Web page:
Cave painting  

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Train wreck at Montparnasse (October 22, 1895) by Studio Lévy and Sons.
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Train wreck at Montparnasse (October 22, 1895) by Studio Lévy and Sons.
Lascaux, cave man

Cave or Rock Paintings are paintings on cave or rock walls and ceilings, usually dating to prehistoric times. The earliest known rock paintings are dated to the Upper Paleolithic, 40,000 years ago, while the earliest European cave paintings date to 32,000 years ago. The purpose of the cave paintings is not known, and may never be. The evidence suggests that they weren't merely decorations of living areas, since the caves in which they've been found don't have signs of ongoing habitation. Also, they are often in areas of caves that aren't easily accessed. Some theories hold that they may have been a way of transmitting information, while other theories ascribe them a religious or ceremonial purpose.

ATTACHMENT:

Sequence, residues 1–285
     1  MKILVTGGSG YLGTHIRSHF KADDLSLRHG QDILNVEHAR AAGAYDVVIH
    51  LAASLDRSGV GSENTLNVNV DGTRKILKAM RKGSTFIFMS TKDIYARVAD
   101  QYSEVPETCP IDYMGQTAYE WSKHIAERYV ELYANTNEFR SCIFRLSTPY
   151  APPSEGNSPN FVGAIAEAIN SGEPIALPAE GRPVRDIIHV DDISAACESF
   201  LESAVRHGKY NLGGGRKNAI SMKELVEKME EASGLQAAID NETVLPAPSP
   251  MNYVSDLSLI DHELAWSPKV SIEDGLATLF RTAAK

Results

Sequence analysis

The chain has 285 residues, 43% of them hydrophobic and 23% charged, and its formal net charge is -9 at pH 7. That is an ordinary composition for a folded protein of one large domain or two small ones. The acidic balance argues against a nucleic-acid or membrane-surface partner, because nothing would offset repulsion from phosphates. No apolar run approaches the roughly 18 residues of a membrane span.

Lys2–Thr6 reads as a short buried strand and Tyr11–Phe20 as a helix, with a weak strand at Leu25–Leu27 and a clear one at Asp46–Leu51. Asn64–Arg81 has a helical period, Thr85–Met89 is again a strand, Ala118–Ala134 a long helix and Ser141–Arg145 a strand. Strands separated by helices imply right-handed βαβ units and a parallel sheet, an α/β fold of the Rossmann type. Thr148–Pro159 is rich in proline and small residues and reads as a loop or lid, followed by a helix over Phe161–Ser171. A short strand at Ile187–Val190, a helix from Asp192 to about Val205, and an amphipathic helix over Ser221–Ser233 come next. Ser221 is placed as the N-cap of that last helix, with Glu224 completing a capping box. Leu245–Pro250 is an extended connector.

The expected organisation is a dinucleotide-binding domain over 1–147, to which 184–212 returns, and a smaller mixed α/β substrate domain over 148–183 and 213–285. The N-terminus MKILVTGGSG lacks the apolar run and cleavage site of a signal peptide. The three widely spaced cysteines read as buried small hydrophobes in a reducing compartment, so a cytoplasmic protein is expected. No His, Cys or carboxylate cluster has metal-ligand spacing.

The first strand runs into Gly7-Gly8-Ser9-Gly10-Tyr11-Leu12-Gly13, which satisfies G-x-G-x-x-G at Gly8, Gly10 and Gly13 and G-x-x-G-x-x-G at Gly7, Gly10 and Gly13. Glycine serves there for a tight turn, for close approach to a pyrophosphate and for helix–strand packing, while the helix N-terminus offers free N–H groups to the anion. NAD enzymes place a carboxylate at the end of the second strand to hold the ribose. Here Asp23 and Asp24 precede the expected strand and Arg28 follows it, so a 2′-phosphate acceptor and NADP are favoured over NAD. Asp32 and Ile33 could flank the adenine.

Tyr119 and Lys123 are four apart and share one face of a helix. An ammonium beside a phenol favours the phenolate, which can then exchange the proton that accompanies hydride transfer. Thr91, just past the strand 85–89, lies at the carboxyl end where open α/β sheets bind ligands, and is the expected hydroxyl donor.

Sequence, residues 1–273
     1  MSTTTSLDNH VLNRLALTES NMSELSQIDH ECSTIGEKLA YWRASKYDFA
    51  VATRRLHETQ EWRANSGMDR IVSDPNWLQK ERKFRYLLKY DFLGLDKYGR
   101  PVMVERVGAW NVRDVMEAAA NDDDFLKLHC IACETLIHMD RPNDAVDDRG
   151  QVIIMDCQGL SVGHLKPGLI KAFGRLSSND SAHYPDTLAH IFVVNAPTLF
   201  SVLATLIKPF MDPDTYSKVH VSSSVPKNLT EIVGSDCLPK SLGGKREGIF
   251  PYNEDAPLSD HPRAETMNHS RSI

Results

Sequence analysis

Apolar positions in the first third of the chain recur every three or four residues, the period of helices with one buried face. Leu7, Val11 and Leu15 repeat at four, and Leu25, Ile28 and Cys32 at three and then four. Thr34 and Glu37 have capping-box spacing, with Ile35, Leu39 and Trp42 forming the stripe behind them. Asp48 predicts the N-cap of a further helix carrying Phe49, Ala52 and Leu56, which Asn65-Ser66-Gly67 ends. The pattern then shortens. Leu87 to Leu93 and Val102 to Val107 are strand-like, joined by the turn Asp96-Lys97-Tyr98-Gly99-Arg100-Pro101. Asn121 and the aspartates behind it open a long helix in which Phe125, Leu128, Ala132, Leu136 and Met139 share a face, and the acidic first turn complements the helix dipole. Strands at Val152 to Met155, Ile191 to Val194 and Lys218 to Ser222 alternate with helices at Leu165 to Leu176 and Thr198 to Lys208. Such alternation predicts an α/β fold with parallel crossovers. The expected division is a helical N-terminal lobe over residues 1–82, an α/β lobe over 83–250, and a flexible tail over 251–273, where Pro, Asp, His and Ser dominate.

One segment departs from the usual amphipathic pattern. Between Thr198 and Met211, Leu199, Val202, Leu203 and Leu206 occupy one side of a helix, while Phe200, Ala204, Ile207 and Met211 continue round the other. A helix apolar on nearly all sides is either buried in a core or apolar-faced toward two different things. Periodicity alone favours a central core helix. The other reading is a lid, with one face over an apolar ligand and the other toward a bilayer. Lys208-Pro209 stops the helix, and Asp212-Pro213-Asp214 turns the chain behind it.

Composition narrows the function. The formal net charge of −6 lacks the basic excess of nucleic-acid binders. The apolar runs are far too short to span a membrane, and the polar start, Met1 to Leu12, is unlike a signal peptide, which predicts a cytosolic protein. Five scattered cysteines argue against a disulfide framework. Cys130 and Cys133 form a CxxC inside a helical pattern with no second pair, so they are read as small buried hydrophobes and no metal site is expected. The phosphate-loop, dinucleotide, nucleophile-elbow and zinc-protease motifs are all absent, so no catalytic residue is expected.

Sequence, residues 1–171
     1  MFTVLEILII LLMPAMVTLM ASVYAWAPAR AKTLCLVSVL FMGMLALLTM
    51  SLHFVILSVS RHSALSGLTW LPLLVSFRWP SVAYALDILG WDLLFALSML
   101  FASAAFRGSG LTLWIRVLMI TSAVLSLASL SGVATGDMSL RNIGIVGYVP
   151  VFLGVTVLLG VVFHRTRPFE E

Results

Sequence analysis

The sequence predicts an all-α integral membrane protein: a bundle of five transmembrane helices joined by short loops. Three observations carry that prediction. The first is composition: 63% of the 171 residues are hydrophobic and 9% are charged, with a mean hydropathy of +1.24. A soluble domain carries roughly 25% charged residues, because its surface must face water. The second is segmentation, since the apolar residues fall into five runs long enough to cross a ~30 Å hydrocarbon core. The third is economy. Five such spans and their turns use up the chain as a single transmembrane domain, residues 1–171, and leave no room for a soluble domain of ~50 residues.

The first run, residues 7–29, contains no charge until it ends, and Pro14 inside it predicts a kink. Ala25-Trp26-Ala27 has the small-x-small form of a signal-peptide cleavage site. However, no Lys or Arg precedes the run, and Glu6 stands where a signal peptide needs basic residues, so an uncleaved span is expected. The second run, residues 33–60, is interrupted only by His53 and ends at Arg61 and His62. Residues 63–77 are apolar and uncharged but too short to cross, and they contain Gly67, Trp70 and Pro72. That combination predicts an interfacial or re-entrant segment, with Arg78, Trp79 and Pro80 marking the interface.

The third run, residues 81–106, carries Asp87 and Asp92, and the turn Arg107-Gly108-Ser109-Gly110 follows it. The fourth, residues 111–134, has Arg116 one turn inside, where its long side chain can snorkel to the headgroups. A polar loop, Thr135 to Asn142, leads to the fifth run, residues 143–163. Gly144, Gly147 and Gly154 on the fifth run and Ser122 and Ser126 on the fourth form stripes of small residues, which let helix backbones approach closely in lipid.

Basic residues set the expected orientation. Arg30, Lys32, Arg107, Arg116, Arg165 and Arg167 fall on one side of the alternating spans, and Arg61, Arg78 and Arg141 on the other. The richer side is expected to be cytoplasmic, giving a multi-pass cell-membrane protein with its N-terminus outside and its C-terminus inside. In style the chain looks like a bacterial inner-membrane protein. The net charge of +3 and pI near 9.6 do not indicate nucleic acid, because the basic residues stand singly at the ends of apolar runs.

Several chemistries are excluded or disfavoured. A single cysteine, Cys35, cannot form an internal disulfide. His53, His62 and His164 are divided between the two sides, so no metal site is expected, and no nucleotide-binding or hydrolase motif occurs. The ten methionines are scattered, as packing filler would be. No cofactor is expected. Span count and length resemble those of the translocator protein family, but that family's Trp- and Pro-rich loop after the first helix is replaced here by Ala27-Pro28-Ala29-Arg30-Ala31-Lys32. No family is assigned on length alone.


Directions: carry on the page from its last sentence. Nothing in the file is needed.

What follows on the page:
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Unless indicated otherwise, the text in this article is either based on Wikipedia article "Cave painting" or another language Wikipedia page thereof used under the terms of the GNU Free Documentation License; or on original research by Jahsonic and friends. See Art and Popular Culture's copyright notice.

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